Mothers anger, loss explored in poems about AIDS

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Charlotte Mayerson is a Jewish mother. An angry one.

Angry enough to threaten to sue a doctor, "or at the very least call her mother." Angry enough to engage in a quarrel with God. "A very Jewish tradition," she said.

Ultimately, Mayerson funneled her emotion through a pen. The result is "The Death Cycle Machine," a collection of poems on the loss of her son to AIDS.

She will read from her book at 7:30 p.m., Tuesday, March 5 at the Jewish Community Library, 601-14th Ave., S.F., and at 7:30 p.m., Sunday, March 3 at A Different Light, 489 Castro, S.F.

Mayerson, 68 and a former executive editor at Random House, sought out a Jewish venue to read her first collection of poems. "The Jewish community has gotten better [about AIDS]…but it still has to realize people who shop on Union Street get it too," she said in a phone interview from her home in Manhattan.

"I recently came into contact with a group called Mothers' Voices. It's for parents, mostly mothers, whose children have died of AIDS. There's a lot of middle-class Jews in it," Mayerson said.

"There was this man there whose family owned a department store in the community I grew up in. Our mothers planted trees in Israel together and wore their fur coats to Hadassah meetings. Both their grandchildren are dead from AIDS now."

Mayerson's son Robert Henry died six years ago. He was 35, a former business editor at the South China Morning Post, and "one of those people born adventurous," she said. "He once helicoptered to the top of a mountain in Italy to eat a certain kind of cheese."

Mayerson enjoys recalling funny anecdotes Robert's friends share with her — like the famous scientist who claims she would have been a suburban New Jersey housewife if Robert hadn't encouraged her to hang upside-down out her dorm- room window. Or the time Robert taught his sixth-grade class Esperanto so the teacher wouldn't know what they were saying.

Telling these stories balances her anger, Mayerson said. And "The Death Machine Cycle" is filled with her emotion. Consider the poem "Layout":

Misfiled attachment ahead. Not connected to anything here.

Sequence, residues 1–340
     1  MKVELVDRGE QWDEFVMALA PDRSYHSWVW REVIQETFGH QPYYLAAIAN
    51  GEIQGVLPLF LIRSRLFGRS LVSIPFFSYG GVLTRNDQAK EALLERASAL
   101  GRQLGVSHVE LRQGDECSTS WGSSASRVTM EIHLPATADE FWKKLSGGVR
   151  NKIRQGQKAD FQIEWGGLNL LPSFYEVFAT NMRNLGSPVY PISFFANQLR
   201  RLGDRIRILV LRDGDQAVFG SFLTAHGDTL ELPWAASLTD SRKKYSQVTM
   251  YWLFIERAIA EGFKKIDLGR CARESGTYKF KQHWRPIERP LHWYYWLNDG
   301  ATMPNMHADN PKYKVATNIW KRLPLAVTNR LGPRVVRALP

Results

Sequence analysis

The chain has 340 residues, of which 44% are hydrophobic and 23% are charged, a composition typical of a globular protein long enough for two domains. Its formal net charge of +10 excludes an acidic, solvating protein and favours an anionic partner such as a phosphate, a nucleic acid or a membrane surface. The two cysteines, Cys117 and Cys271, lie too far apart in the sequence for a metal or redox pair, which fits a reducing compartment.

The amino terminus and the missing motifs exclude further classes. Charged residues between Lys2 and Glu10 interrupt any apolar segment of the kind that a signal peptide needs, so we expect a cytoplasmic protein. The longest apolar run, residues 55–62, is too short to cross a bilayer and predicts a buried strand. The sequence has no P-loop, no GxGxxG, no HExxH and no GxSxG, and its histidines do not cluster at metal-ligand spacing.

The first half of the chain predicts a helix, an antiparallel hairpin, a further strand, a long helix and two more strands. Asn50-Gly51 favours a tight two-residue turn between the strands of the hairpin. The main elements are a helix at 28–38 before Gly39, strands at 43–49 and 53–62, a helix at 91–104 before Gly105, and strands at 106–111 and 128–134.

I didn't consider/When I chose your name/How it would look/On a tombstone.

"Of course it's angry. There is a lot of anger. The kind of anger a mother has when her son doesn't eat his spinach," Mayerson said. "I was angry when Robert didn't take care of himself to beat the disease. I was angry at AIDS — as if it were a person, a personal enemy. I was furious at the medical establishment.

"And I was angry at the people who just didn't understand."

One so-called friend, upon hearing of Robert's illness, said, "I hope this taught him a lesson."

"I said, `Are you a virgin, dear?'" Mayerson recalled. The friend's comment "wasn't very helpful."

Actually, little was. Not writing. "Painful," she said. Not even her Torah and Talmud study at the Jewish Theological Seminary.

"The stories of David and Absalom and of Abraham resonate. But were they a comfort? No," she said.

Besides, Torah study reminded her of reading the Bible to Robert as a child. Having grown tired of children's favorites, Mayerson took the Bible to her son's bedside each evening. However, fearing she was boring her child, Mayerson never finished the tome.

The irony, she said, was that Robert studied religion in college and told his mother he remembered the stories by heart — but only the ones she read him.

"It just proves mothers can't do anything right," Mayerson said with a laugh. It's a heavy sound rather than a light chuckle. But it's a laugh.

Mayerson seems to have found her solace. It's in reviving Robert's memory. It's in the women of the Holocaust, whom she also wrote about.

Without the women of the Holocaust/Who saw their children ripped asunder/I could not go on

…Who, because they could not/Save their young –/Hide them in a safe place –/Became outlaws,…/Without those women/Before my eye I would die now –/In the right order –/while he's still alive.

"Very often as I thought I was going under, I thought of these women," Mayerson said. "I realized my experience [of not being able to protect my child] wasn't unique. Other women of our tradition have gone through this too."